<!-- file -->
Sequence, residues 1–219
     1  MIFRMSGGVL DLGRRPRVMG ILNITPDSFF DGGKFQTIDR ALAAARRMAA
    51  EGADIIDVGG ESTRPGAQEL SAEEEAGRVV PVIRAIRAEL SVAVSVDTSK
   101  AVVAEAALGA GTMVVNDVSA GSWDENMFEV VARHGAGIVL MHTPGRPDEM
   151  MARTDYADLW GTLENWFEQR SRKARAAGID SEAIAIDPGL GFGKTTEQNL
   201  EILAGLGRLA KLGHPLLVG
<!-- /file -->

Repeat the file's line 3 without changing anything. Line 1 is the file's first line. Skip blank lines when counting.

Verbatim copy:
    51  EGADIIDVGG ESTRPGAQEL SAEEEAGRVV PVIRAIRAEL SVAVSVDTSK